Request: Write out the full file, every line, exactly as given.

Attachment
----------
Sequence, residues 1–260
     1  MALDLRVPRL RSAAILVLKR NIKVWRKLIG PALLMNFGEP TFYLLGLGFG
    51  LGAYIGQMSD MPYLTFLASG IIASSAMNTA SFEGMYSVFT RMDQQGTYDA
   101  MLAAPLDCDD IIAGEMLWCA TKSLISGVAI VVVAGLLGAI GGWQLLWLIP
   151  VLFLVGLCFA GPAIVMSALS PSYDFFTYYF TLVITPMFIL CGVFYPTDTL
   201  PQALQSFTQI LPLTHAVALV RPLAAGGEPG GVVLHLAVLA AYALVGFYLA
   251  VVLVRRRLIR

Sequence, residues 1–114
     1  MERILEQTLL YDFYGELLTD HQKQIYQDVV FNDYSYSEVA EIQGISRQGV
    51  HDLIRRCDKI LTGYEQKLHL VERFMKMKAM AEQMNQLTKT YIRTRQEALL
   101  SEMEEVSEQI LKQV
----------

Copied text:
Sequence, residues 1–260
     1  MALDLRVPRL RSAAILVLKR NIKVWRKLIG PALLMNFGEP TFYLLGLGFG
    51  LGAYIGQMSD MPYLTFLASG IIASSAMNTA SFEGMYSVFT RMDQQGTYDA
   101  MLAAPLDCDD IIAGEMLWCA TKSLISGVAI VVVAGLLGAI GGWQLLWLIP
   151  VLFLVGLCFA GPAIVMSALS PSYDFFTYYF TLVITPMFIL CGVFYPTDTL
   201  PQALQSFTQI LPLTHAVALV RPLAAGGEPG GVVLHLAVLA AYALVGFYLA
   251  VVLVRRRLIR

Sequence, residues 1–114
     1  MERILEQTLL YDFYGELLTD HQKQIYQDVV FNDYSYSEVA EIQGISRQGV
    51  HDLIRRCDKI LTGYEQKLHL VERFMKMKAM AEQMNQLTKT YIRTRQEALL
   101  SEMEEVSEQI LKQV